SOJOURN: Journal of Social Issues in Southeast Asia Vol. 4/1 (Feb 1989). Special Focus on "Peasants and Cities, Cities and Peasants: Rethinking Southeast Asian Models"

SOJOURN: Journal of Social Issues in Southeast Asia Vol. 4/1 (Feb 1989). Special Focus on "Peasants and Cities, Cities and Peasants: Rethinking Southeast Asian Models"
Jeremy Kemp, editor
Date of publication:  February 1989
Publisher:  Institute of Southeast Asian Studies
Number of pages:  156
Code:  SJ4/1


  • Preliminary pages
  • Introduction to the Special Focus issue on "Peasants and Cities, Cities and Peasants: Rethinking Southeast Asian Models", by Jeremy Kemp, author
  • Peasants and Cities: The Cultural and Social Image of the Thai Peasant Village Community, by Jeremy Kemp, author
    The Thai peasant village community is an ideological construct rather than an empirical reality. Failure to recognize this has resulted in a reification and objectivization of rural social organization both past and present. It has also supported a number of false dichotomies such as between peasants and cities which distort the real nature of relationships. The paper examines the background to the application of these ideas with reference to their consequences for social analysis and planning, together with their more direct impact on rural social organization and relations with urban centres of power.
  • Town and Countryside in Indonesia: A Sceptic's View, by P J M Nas, author
    This article commences with a short overview of background thinking concerning the opposition between town and countryside and a number of arguments supporting the sceptic's view. These concepts are then questioned with respect to their general relevance and explanatory power with regard to migratory movements. It is argued that such concepts should not just be considered reflections of social reality but perceived as myths used as tools for modelling society.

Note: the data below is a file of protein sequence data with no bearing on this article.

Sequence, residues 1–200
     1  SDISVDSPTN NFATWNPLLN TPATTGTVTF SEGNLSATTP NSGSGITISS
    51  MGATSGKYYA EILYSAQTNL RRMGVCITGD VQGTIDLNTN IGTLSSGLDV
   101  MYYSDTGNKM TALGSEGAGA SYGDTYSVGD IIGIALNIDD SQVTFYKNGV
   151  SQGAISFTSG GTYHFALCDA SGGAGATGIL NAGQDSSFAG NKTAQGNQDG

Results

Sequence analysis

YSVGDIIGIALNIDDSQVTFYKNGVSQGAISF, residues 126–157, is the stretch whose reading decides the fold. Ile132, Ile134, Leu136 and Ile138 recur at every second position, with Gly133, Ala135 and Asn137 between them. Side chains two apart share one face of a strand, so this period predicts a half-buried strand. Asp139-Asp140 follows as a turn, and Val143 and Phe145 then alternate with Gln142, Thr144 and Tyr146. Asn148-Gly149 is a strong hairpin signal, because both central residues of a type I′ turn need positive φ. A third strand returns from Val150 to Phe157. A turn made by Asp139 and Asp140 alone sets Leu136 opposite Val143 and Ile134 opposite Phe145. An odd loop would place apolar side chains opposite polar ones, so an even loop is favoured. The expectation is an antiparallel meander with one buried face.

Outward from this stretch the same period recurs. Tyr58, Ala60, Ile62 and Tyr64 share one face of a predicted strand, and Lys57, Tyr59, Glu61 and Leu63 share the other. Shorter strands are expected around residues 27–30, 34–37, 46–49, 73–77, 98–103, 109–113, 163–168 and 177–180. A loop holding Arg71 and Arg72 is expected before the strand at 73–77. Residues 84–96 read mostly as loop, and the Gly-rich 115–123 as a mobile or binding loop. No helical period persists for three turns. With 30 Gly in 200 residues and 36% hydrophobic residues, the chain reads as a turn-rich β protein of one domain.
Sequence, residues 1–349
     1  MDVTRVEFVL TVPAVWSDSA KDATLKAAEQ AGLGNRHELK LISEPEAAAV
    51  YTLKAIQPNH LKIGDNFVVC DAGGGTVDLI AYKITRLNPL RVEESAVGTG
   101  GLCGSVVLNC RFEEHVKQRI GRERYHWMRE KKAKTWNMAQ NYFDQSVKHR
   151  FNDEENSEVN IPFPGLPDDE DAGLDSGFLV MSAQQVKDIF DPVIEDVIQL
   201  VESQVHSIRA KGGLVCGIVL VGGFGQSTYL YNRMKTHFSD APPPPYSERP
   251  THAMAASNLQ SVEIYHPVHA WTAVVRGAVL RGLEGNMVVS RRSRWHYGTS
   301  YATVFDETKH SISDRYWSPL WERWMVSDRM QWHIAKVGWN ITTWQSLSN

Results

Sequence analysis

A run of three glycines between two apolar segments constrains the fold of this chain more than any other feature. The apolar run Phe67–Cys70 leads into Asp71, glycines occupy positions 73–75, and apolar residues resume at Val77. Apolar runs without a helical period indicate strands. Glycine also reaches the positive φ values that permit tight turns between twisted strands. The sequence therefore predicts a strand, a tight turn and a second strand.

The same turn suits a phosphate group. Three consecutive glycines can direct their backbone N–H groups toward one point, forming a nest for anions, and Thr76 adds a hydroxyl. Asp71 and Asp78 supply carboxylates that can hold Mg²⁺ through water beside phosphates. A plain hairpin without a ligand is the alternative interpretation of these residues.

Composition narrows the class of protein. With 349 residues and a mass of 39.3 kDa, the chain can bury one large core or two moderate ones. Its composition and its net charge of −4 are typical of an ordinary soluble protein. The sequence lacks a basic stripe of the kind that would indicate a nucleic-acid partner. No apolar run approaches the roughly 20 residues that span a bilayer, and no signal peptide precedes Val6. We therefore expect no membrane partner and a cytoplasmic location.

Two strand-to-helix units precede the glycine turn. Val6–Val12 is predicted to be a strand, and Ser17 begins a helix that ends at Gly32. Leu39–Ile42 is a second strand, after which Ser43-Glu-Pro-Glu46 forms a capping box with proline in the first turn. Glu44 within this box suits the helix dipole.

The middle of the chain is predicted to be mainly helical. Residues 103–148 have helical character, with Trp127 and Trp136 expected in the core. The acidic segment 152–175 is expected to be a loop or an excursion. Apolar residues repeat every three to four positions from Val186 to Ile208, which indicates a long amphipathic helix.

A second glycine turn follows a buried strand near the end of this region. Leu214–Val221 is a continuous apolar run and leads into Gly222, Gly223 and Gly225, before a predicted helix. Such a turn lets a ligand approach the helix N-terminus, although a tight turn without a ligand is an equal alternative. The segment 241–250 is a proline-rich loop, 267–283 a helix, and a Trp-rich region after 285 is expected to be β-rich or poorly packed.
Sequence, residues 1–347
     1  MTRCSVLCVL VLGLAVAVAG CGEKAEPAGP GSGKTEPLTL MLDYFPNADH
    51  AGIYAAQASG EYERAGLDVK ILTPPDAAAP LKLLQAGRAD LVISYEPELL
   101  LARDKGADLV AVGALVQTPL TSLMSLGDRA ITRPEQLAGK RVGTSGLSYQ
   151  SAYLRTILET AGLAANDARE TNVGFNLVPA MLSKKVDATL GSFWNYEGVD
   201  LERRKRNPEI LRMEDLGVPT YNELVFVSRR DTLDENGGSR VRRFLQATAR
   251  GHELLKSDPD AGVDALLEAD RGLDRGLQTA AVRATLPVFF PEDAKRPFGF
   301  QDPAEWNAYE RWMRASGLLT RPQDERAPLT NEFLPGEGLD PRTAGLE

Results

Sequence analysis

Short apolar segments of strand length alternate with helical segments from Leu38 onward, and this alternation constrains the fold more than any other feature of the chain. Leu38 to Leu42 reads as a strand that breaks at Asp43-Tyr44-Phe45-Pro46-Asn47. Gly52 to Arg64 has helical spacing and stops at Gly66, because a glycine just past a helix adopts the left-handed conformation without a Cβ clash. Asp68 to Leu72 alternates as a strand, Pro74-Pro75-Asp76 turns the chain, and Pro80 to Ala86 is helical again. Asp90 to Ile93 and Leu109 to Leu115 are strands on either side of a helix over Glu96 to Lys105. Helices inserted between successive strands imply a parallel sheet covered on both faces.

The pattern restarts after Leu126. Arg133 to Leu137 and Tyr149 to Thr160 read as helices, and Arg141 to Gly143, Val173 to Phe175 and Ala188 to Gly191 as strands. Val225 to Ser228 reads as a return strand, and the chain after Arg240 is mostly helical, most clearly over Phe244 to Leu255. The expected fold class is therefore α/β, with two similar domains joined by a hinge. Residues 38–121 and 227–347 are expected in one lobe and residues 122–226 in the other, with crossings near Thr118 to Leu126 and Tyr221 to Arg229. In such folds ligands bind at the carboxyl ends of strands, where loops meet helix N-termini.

• Modernization as Paganization: How to Make a "Traditional" Peasant World, by Tilman Schiel, author
    Our view of peasant societies is distorted by an urban bias which has existed since antiquity. European ideas of civilization are influenced by urban models. Just as the city is seen as civilized, so is the countryside viewed as barbaric. Again, since antiquity, European civilization was juxtaposed to Asiatic barbarism. The micro-level of the despotic rural household-economy corresponded in this view to "oriental despotism" on the macro-level. Both biases combined to form a single model according to which the colonial powers shaped their colonies. The attempt of the Dutch to restore an Asiatic rural society on Java thus resulted in the creation of invented tradition.
  • Urban or Agrarian? The Modern Thai State, by Rudiger Korff, author
    The paper repudiates the conventional "rural" model of Thai society for one focused on the capital, Bangkok. Although Thailand is obviously far more than Bangkok, an analysis of Thai society has to take into consideration the important role of the metropolis in the processes of economic, political, and social change. Contemporary political and economic power is extraordinarily concentrated there. However, this paramount role of the capital is not just the result of modernization but intrinsic to older forms of the Thai state.
  • Rise and Fall of Provincial Elites in the Philippines: Nueva Ecija from the 1880s to the Present Day, by W G Wolters, author
    The position of local and provincial elites in the Philippines has changed in character. At the beginning of the century the landed elite was relatively autonomous, keeping the state weak and using it to reinforce its position. Since the 1950s a new elite of mercantile entrepreneurs has emerged, dependent on state credit and political protection. Under the martial law regime in the 1970s the state ceased to be an extension of regional elites and acquired the features of a separate level of organization. The transition to the Aquino administration has led to some degree of decentralization. However, provincial politicians are more than ever interested in finding their slot in the central state apparatus.